Morou N'gou (Repub. of the Congo AFRICA): Also called the "water panther", this creature has been proposed to be an aquatic sabretooth cat. It is said to be panther like, but with a long thick tail, short legs, and long canines that are almost like walrus tusks. Natives have compared it to pictures of walruses. A cave painting of one such creature preparing to attack a hippopotamus is known to exist. In my opinion, this is not a felid, but rather a large sabretoothed otter species (or genus).
Malagasy lions (Madagascar AFRICA): Lion-like felids sighted sporadically on Madagascar. Possibly a remnant population of true lions, left on Madagascar early on in history, or a seperate species native to Madagascar.
Wildcat (Ireland, Ille du Levant EUROPE): European wildcats being seen in places whee they are supposed to be extinct. Could just be feral tabbies, possibly real wildcats though.
Kellas cats (Scottish highlands, parts of England EUROPE): A bizzare new animal that has been found living in Scotland, the Kellas cats aren't really cryptids, they are a fact. But they could very well be responsible for sightings of black panthers in England. They are dog-sized, cheetah-like cats with large canine teeth and a narrow head shaped like the head of a rabbit. They are likely to be a new speies that arose from F. domesticus/F. sylvestris/F. chaus hybrids. Thy could be evolving to fill the niche of pantherine cats, as many of the big black panthers seen in the UK resemble Kellas cats but on a larger scale.
English jungle cats (Southern England EUROPE): The jungle cat (Felis chaus) is one of the several ancestors of the domestic cat (Felis domesticus). It looks very diferent, having a spotted coat and ear tufts, along with a much greater size, but it interbreeds readily with F. domesticus and produces fertile hybirds. These hybrids are bigger than F.domesticus and resemble small leopards or long-tailed lynxes. They are responsible for many sightings of "big cats" in England, and giant forms may be responsible for "leopards" sightings. Furthurmore, these hybrids may have contributed to the gene pool that gave rise to the Kellas cats.
Marsupial "lion" (Queensland, New South Wales, Victoria AUSTRALIA): Cat-like marsupial animal, a large dangerous predator with unusual front teeth. Can strip the flesh from it's prey in little time. Probably a modern species of Thylacoleo, the extinct marsupial "big cat". The ABC's of Australia may be these very creatures.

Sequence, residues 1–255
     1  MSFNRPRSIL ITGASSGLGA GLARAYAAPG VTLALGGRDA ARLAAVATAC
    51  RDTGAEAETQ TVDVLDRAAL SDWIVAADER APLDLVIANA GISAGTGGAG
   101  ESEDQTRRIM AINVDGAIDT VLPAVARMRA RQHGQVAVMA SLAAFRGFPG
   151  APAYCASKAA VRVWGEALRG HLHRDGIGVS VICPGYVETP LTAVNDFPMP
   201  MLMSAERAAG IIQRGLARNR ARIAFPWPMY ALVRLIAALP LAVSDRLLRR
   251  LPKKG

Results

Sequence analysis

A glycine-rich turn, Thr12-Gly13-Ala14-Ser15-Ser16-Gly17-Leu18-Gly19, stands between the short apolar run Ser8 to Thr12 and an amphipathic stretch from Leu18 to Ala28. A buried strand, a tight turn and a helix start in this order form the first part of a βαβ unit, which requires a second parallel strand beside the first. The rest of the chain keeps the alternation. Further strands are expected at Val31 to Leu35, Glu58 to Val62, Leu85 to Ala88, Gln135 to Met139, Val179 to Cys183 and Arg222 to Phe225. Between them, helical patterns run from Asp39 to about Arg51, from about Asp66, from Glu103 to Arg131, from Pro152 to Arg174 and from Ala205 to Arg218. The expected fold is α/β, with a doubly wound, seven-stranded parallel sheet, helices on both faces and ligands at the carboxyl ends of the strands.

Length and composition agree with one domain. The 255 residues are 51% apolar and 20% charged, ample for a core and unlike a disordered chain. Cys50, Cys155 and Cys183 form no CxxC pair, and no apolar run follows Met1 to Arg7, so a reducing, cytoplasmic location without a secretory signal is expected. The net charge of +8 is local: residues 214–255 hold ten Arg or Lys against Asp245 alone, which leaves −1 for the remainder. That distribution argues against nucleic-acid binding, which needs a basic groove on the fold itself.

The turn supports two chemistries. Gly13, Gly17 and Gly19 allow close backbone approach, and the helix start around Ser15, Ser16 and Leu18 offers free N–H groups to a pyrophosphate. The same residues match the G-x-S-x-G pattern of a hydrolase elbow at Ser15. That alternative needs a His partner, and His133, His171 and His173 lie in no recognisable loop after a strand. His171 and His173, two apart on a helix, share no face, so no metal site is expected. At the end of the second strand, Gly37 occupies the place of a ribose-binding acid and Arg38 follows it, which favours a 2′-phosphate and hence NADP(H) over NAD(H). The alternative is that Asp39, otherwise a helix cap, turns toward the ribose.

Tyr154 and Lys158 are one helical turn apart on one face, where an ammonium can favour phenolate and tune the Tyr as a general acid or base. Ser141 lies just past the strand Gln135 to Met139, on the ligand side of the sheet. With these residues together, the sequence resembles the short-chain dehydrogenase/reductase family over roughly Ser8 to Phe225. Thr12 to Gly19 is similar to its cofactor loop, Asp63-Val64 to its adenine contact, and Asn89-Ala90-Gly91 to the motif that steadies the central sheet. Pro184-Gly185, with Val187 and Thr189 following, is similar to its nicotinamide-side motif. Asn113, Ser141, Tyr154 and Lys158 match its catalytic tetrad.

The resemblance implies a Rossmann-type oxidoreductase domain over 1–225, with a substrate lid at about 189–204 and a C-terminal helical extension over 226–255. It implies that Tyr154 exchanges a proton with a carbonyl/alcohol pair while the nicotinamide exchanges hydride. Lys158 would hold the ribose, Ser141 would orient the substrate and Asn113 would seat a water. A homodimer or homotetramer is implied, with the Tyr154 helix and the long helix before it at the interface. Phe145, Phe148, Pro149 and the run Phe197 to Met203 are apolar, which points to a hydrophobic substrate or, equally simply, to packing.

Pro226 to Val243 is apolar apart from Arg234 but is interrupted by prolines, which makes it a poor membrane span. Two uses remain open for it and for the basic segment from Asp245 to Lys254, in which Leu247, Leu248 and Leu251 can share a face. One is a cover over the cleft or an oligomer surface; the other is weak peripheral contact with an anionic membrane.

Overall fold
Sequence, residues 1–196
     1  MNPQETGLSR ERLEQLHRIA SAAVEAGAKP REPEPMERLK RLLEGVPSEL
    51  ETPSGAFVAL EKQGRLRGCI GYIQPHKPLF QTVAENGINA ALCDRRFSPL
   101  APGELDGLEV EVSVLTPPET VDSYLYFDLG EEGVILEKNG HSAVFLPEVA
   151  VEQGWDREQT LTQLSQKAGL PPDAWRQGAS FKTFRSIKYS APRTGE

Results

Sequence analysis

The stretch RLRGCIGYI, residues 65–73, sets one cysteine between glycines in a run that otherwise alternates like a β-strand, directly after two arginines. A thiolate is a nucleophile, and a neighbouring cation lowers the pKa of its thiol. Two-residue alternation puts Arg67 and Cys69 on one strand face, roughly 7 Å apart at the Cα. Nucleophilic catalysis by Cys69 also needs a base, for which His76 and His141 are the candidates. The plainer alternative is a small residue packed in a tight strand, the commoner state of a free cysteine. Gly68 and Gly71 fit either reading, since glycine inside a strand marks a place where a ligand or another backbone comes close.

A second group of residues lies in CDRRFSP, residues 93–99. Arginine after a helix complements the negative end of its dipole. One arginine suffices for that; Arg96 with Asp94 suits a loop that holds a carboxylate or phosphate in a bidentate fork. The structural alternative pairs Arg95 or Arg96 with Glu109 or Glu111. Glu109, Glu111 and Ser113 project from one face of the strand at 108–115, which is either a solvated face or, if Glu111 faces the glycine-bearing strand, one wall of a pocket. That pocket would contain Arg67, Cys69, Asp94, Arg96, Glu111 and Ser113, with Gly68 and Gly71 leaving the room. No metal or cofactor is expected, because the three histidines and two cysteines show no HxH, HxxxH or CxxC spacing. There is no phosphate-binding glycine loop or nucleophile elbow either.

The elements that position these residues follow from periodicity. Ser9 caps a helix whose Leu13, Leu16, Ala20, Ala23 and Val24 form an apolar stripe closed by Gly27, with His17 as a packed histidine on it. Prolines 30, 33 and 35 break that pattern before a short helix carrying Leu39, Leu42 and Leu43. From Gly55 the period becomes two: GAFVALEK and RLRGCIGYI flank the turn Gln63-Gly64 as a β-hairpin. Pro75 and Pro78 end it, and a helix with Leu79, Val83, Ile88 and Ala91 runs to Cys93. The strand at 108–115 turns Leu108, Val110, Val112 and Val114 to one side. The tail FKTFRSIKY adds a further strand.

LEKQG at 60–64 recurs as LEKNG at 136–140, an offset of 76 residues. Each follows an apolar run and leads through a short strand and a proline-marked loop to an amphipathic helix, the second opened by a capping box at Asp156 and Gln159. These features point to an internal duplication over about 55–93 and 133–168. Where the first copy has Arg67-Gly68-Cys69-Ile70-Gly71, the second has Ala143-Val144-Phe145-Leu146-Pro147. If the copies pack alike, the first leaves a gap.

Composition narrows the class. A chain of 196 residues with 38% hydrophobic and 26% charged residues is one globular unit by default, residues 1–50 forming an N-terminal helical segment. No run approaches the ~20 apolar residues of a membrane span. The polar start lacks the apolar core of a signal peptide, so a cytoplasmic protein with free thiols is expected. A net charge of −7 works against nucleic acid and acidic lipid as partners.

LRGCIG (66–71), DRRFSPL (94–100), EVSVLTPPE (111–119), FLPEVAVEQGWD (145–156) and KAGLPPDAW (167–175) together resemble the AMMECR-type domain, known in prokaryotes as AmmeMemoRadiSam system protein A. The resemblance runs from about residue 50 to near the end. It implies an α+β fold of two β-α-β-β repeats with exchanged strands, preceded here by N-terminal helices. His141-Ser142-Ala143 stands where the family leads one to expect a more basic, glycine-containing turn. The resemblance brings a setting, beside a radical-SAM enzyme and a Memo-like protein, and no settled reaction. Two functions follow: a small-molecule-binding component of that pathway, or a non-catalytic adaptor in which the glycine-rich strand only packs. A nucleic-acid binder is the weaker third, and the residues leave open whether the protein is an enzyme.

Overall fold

Queensland tiger (Queensland AUSTRALIA): Very similar to the marsupial lion, except larger and has stripes. Resembles a thylacine except it has a feline-like face. Either a regional variant of the marsupial lion or a seperate species.
New Zealand "lions" (New Zealand): Big cats resembling mountain lions have been seen sporadically in the mountains of South Island, New Zealand. Since New Zealand isn't supposed to have any large mammals, their existence isn't too likely. However, these could represent an introduced, or escaped, population of cougars. Or maybe even Thylacoleo.
Blue tiger (Fujian province in China ASIA): An unrecorded colour variety of the Chinese tiger which has been reported sporadically from the mountains of Fujian province. Is a powdery maltese blue with white patches on the face and black stripes. Definitely a rare colour variety of the tiger, similar to the maltese housecat.
Melanistic tigers (India, Bangladesh and Burma ASIA): Pure black tigers are not known, unlike leopards and jaguars which commonly have melanistic individuals. But there have been black tigers reported sporadically from areas of India and nearby countries, including one found dead by the side of a road.
Russian mystery panther (Orel province in Russia ASIA): An unidentified large feline was responsible for killing or mauling several people in Orel province in Russia. It was described simply as a large panther, with no mention made of colour or other attributes. Could be any kind of large felid, known or unknown.
Hong Kong mystery cat (Hong Kong ASIA): An unidentified feline killed in Hong Kong in 1989. Similar animals have been reported sporadically. I have no more information, help would be appreciated.